Respectfully Disagreeing With Argument For New Princeton High Restroom Facility
To the Editor:
I sincerely respect the research and passion of the young PHS graduates that submitted their letter (”Current and Former PHS Students and Athletes Express Support for Restroom Facility, Mailbox, September 30).
I enjoyed sports at PHS/college, too bad there is so much deferred maintenance. We had mold when I was at PHS in the last century. There is a new facility team in place, hopefully mold will finally become history.
I must respectfully disagree with their argument for half-million-dollar bathrooms on the PHS football field.
I see the spending of over a half a million dollars as another example of not prioritizing operating funds and of wasteful spending. Given the district’s limited funds, time sensitivities, and politics overall, I feel spending such a large amount of the budget sends the wrong message to students, staff, and the community.
The $2.9 million surplus, half of which are savings collected due to the pandemic, should be used for the expenses listed below, or given as tax relief to Princetonians whose finances have been devastated by the pandemic. The state’s uncertain economic situation could mean less funding in the future for public schools, and then, with this type of uncontrolled spending by the Board, all contributing factors can be very harmful to property values and cause our most vulnerable citizens to leave.
For the reasons stated above, I see the spending of over $500,000 on items such as bathrooms as an extravagant want, not an urgent need.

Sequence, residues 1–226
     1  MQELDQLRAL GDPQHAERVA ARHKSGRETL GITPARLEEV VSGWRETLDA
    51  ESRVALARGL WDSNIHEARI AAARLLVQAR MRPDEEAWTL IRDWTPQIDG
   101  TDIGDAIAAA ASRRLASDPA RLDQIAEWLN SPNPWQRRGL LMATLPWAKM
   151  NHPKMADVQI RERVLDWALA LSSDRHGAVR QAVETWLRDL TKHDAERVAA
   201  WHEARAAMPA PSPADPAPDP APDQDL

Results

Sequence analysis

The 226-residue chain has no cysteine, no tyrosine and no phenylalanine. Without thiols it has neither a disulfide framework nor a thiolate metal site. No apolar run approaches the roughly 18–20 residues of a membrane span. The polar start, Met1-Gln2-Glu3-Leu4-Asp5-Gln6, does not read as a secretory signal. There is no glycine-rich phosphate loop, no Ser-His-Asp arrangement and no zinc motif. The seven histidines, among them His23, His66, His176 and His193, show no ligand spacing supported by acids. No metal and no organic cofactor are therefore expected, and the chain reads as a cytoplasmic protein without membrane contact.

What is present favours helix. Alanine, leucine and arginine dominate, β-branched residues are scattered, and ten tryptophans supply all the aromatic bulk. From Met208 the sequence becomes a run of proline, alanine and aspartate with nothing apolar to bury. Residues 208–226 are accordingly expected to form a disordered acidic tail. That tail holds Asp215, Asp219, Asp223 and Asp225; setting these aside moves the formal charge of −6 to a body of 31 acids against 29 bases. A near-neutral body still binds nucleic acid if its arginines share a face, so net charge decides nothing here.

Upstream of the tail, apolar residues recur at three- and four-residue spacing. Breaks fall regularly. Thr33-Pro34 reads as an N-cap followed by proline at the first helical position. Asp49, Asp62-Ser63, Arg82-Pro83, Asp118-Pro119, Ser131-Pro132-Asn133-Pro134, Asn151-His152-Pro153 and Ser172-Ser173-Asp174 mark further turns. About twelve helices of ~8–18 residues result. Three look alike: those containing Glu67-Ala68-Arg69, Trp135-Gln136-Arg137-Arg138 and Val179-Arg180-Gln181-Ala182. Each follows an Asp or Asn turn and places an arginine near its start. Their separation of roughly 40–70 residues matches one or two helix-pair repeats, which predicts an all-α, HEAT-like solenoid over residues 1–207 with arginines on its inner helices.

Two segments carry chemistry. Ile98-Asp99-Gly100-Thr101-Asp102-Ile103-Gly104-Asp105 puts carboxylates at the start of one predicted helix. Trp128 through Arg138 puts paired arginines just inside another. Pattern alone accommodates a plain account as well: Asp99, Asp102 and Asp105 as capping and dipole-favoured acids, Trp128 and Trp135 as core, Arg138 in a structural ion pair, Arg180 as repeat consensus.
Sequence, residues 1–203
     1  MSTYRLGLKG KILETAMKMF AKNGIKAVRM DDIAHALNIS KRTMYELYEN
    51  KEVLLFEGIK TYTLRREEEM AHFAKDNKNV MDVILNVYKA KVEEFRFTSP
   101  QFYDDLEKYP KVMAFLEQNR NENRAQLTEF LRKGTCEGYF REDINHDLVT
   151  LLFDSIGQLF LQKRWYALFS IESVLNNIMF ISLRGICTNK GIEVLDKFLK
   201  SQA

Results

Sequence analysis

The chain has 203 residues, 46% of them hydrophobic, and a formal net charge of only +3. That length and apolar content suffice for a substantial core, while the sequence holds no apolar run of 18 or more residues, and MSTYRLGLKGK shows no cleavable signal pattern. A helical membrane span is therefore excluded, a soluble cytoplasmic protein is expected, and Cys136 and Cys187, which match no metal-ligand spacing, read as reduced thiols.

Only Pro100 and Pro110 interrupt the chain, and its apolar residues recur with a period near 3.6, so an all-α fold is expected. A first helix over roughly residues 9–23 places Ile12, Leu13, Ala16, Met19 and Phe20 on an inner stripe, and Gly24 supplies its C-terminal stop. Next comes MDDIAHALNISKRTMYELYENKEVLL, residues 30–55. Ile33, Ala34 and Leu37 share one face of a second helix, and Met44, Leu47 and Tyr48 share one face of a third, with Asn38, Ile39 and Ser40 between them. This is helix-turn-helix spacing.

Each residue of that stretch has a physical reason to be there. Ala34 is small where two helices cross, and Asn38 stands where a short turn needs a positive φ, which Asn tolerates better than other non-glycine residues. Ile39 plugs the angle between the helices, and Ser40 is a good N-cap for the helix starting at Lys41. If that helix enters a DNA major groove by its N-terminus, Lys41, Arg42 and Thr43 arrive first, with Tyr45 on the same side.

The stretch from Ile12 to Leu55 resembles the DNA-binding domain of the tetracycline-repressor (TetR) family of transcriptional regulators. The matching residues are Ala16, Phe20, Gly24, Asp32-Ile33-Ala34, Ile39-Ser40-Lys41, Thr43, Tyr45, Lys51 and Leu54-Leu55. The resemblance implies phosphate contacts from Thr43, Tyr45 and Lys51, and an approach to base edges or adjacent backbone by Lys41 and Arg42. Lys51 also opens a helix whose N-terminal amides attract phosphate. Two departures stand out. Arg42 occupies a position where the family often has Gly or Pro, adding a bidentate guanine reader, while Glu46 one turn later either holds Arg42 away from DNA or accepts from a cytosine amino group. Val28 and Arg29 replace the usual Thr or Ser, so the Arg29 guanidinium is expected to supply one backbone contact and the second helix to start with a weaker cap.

Some citizens claim building $500,000 bathrooms on the PHS field as an equity issue. I respectfully disagree again.
One reason being that male and female restrooms are located within close proximity to all students during gym classes. I do not see an undue hardship placed on students for the need to construct a new facility.
There are, however, some ongoing expenses or programs that could have benefited from these funds. Some of these include ionization filters, complete overhaul of the faulty HVAC system, training long-term substitutes on technical instruction, overtime for janitors going above and beyond to provide thorough sanitation of facilities, and we still have to see if the current $27 million referendum will go over budget.
Regarding the HVAC system specifically, we still have 20 years of deferred maintenance owed, as well as ongoing expenses that might be pushing approximately $1 million. It is for these reasons and others that the Board of Education needs leadership that will strive to get our spending under control and start spending within our means, instead of resorting to referendum after referendum and increasing our debt.
The writer is a candidate for the Princeton Board of Education